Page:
Dec 22, 2020
In the second episode of The Mind Itself, Jason Byrn J.D. joins to discuss mental health in the workplace, along with the rules and regulations implemented to allowing equal opportunity. Advocating strongly for the disabled due to his own experiences, Jason went to law school with a purpose. Soon after graduating, he started his firm, was an attorney, and worked in different sectors of helping corporate America handle employees with disabilities. In addition to leading BAE Systems and Lockheed Martin’s disability compliance and inclusion strategies, Jason has served as an outsource ADA compliance officer to hundreds of small and mid-size companies. With experience in disability law and disabilities in the corporate world, Jason brings his expertise in exploring how mental health has become the most popular issue in the workplace that people request accommodations for.
At a young age, Jason dealt with his own struggle. Legally blind, Jason’s life was immediately different from everyone else’s. With struggling in the corporate world, he decided to go in and change that experience for other people. His aim early on was to allow disabled people to be independent in the workplace, while also allowing them to make a living wage and support their own family.
Most of his advocacy was done in the early ’90s, where his main passion was to make a difference in organizations that made employers comply with a certain set of regulations. The goal was to create and establish a centralized accommodation function, allowing for evaluations and explorations for solutions for those employee’s that needed it.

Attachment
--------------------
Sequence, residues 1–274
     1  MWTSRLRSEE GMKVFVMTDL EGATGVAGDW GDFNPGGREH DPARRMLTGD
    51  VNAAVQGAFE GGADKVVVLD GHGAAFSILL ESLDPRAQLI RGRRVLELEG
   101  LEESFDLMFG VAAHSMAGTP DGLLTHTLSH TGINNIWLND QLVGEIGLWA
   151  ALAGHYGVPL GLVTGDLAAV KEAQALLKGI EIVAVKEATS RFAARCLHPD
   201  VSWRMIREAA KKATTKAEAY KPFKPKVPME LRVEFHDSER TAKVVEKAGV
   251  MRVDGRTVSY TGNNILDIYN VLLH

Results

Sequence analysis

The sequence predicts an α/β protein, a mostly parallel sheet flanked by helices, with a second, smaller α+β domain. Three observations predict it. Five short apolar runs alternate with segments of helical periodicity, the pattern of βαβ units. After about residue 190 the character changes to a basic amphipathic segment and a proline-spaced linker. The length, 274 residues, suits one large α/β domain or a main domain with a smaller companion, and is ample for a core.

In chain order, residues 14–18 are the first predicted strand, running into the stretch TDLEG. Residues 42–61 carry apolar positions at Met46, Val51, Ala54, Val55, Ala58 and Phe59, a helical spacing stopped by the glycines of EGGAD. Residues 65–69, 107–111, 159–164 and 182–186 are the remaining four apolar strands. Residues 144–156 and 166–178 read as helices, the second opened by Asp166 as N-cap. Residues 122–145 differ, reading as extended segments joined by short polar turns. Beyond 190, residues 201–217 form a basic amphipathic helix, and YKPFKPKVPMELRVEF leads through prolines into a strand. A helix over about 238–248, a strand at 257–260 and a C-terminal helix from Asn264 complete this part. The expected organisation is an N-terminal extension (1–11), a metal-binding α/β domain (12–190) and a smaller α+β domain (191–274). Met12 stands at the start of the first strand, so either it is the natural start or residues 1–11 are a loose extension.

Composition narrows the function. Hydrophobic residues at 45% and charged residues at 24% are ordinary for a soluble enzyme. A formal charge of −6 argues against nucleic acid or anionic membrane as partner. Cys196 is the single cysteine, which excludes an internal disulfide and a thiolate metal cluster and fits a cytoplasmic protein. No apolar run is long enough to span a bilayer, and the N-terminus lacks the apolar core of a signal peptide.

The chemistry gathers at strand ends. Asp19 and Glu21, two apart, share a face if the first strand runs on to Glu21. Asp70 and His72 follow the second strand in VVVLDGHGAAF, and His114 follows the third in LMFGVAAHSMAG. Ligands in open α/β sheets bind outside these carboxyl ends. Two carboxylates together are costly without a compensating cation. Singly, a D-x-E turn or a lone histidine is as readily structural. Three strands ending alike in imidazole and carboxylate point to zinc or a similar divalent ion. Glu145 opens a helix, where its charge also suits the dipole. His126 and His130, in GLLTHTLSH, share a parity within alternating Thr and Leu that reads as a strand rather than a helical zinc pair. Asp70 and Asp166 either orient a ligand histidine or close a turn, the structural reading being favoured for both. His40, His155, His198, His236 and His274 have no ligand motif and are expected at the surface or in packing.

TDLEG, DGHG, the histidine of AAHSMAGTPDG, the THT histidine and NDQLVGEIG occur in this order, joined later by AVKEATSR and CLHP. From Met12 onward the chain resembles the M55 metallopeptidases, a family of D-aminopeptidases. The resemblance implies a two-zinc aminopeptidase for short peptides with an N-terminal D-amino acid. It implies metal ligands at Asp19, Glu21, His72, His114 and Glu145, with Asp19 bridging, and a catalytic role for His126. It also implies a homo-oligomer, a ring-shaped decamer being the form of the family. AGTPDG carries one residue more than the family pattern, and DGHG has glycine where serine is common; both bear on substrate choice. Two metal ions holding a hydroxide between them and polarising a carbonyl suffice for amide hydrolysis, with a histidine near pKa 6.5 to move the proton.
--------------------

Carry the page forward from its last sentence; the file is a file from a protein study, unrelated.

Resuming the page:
Mental Health Disabilities
When it comes to disabilities and needing accommodations to be fully functional and successful at work, Jason doesn’t just mean physical disabilities. Mental health is one of the biggest problems that Americans deal with today, and Jason wanted to make sure that employees that struggled with non-visible disabilities had the same resources as everyone else.
The main purpose of accommodations is to provide a tool for employees that allows them to be more productive. To be successful, it’s a partnership. The employer must know what exactly the employee needs to be as productive as possible – and that doesn’t mean that the employer has to know exactly what the disability is.
It’s scary taking the first step to getting help, but Jason encourages employees with mental disabilities to use the tools and resources put in place to help them. This not only helps the individual but allows the company to give back to the people that work for them and make it a better overall environment.
Jason advises to create a dialogue with the workplace, communicate clearly, participate in filling out medical documentation, and understand that it’s a productivity tool rather than a solution when understanding accommodations in the workplace.
When it comes to disabilities, each state has its own set of legislations that protect people and allows for assistance. The whole purpose of ADA is to avoid stereotypes and judging, therefore there is a lot of emphasis on protecting the employee with the disability.
Jason Bryn JD